As a psychologist who works in a school, one of my priorities is to minimize the stigma there is in talking to someone like me. I do not want children to feel that there must be something “wrong” with them if they are speaking with me. As I introduce myself to the students and their parents for the first time in 6th grade, I stress to them that I meet with ALL the students simply to check in, see how they are doing and to get a pulse on how the students perceive different aspects of school-life. I also purposefully involve myself in activities that have nothing to do with my official role in the school. For example, this past week, I coordinated the Yom Yerushalayim program in the Middle School. These sort of activities give me the chance to “hang” with students. I have also in the past taught Judaic Studies as well. These activities provide the opportunity for the students to see me as someone who doesn't only meet with “crazy” kids.
Fortunately, I think my efforts are mostly successful. (As successful as they can be with teenagers who typically are wary around adults!) However, unfortunately, this stigma still exists when it comes to teenagers seeking private counseling help outside of school. As I often share with parents, in my fifteen years of working in schools, I can think of only a handful of students who asked to have private counseling. Most teenagers feel that it means they are “crazy” and that their parents have labelled them as “mental.”
A few weeks ago, I attended a conference sponsored by Ohel on the topic of Understanding Teen Depression and Suicidality. Grace Carricarte, the presenter was from an organization called the Ganley Foundation. Their mission is to educate teenagers, their teachers and their parents about depression, its warning signs and that depression is not just for the the “mentally ill.” The founders of this organization – parents from Bergen county- lost their son at the age of 22 to suicide. They did not even know he was depressed. He was a “perfect” child- life of the party, always successful in academics and sports, and even presented to them a picture of perfect happiness. In his good-bye letter he said that he presented that way to them purposefully because he did not want them to feel guilty that they did something wrong as parents. The Ganleys were overwhelmed with anger that no one had ever told them this could happen. Children get yearly check-ups to check for all sorts of maladies. Depression is an illness- like cancer, or diabetes. It is treatable. Why didn't anyone tell them to look out for it? And, so their mission became to speak about the warning signs so that teens could self-refer and refer their friends for help. Teens don't generally come forward to ask for help. Why not?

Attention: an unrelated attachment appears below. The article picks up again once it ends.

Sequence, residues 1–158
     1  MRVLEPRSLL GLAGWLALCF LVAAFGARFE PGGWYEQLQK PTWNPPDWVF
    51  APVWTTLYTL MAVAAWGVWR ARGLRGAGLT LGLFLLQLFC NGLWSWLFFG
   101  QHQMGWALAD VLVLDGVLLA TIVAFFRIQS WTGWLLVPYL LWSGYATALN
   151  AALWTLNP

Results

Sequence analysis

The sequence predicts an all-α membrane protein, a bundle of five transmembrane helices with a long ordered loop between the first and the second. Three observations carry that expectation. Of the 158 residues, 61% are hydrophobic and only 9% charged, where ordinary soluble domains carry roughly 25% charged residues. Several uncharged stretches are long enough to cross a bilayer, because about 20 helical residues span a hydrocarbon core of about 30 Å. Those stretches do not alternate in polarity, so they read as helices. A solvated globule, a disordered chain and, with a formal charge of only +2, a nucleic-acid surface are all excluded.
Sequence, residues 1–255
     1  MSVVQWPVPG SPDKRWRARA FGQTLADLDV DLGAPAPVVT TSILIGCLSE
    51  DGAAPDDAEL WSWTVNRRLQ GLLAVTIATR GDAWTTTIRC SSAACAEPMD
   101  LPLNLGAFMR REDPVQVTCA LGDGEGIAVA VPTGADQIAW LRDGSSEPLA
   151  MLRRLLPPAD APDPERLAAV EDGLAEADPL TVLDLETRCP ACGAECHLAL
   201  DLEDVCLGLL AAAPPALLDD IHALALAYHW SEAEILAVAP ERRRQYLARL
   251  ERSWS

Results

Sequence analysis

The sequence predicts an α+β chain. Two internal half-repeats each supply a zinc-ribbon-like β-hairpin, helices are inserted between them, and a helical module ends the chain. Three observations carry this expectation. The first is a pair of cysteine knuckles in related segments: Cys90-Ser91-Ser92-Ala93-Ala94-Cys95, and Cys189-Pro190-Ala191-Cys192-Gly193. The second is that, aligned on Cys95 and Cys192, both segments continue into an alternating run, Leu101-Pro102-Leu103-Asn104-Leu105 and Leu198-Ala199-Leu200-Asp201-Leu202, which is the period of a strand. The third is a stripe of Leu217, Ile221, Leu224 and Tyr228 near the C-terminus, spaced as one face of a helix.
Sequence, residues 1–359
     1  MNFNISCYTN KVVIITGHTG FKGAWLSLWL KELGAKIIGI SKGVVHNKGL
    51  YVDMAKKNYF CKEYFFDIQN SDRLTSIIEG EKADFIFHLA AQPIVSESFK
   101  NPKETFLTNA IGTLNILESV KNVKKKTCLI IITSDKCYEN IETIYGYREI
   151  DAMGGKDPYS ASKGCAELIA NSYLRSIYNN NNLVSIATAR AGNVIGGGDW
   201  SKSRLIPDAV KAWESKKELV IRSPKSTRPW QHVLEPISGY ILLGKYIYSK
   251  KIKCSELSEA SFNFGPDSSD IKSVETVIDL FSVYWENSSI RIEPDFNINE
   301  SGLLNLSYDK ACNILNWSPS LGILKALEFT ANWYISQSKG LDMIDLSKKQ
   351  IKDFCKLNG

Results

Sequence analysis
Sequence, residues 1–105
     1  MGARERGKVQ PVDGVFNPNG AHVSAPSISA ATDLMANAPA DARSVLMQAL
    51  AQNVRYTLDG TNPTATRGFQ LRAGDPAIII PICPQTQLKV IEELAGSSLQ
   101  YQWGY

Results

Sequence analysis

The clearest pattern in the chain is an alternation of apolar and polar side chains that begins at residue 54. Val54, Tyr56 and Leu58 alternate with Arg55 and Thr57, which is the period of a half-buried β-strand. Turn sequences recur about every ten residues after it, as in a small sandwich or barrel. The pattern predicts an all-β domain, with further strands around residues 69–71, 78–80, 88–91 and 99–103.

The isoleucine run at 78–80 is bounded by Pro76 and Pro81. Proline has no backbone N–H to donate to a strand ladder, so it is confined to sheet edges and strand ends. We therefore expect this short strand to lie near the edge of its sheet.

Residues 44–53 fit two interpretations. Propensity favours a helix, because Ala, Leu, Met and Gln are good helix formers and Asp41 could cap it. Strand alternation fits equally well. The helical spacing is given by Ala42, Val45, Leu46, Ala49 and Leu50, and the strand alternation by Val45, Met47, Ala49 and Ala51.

According to a 2009 Rand study, the stigma of depression and the potentially negative reactions of their family and parents to admitting needing help are the main reasons why teens do not seek help. The message from this study is obvious. As parents, we need to minimize the stigma of getting help. We need to make it clear to our children that there are many “normal” difficulties in life, and sometimes we need help from an expert in working them through. Those who enter therapy have life challenges or stessors that are affecting their ability to cope- for now. Seeking help is not a sign of weakness. They should NEVER be afraid to tell us anything. We will always support them and get them the help they need.
In addition, many teens do not even realize they are suffering from depression, as they think it might be a phase through which they are going. And, oftentimes, when they do report to adults, the adults chalk it up to a “phase” as well. That is where the education piece comes in. They need to understand what the illness of depression is- what physiologically happens in the brain, and how it is treated.
Teens also often have many misconceptions about how therapy works. They think it means lying on a couch spilling their secrets with a therapist who just nods his/her head and then later reveals all to the parents. Clearly, that is therapy on TV. Therapy today is education and directed activities to achieve a goal. Therapists who work with teenagers are careful about confidentiality issues. Teens are also used to concealing problems as they may not want to admit that there are difficulties. Those suffering with depression also often feel unworthy. They feel worthless so they feel they are not worth the help. Overall, the fear, embarrassment and even at times, defiance, stand in the way of their getting help. As the adults, we need to make sure that just like if our child, G-d forbid, had cancer we would not allow him to suffer, so too we must make sure that he gets the treatment he needs. (The stigma tends to be even greater in boys and men who are not “supposed to” emot like girls do).
The stigma is magnified in the Jewish community. No one will admit in public that they are suffering. Rabbi Nathaniel Helfgot spoke about this issue at length in his 2001 article in Jewish Action Magazine “Dimensions- A Young Man's Story of Torment- Surviving Depression.” As parents, we need to stress to our children that it's not a “shanda” to feel depressed.
And, so, I have added another “Talk” to our list of “talks” we need to have with our children. (You thought the puberty talk was bad enough!) The details of these talks may be different, but the underlying message is the same. No matter what you tell me, I will always love you and take you seriously. Nothing you ever tell me will make me ashamed of you.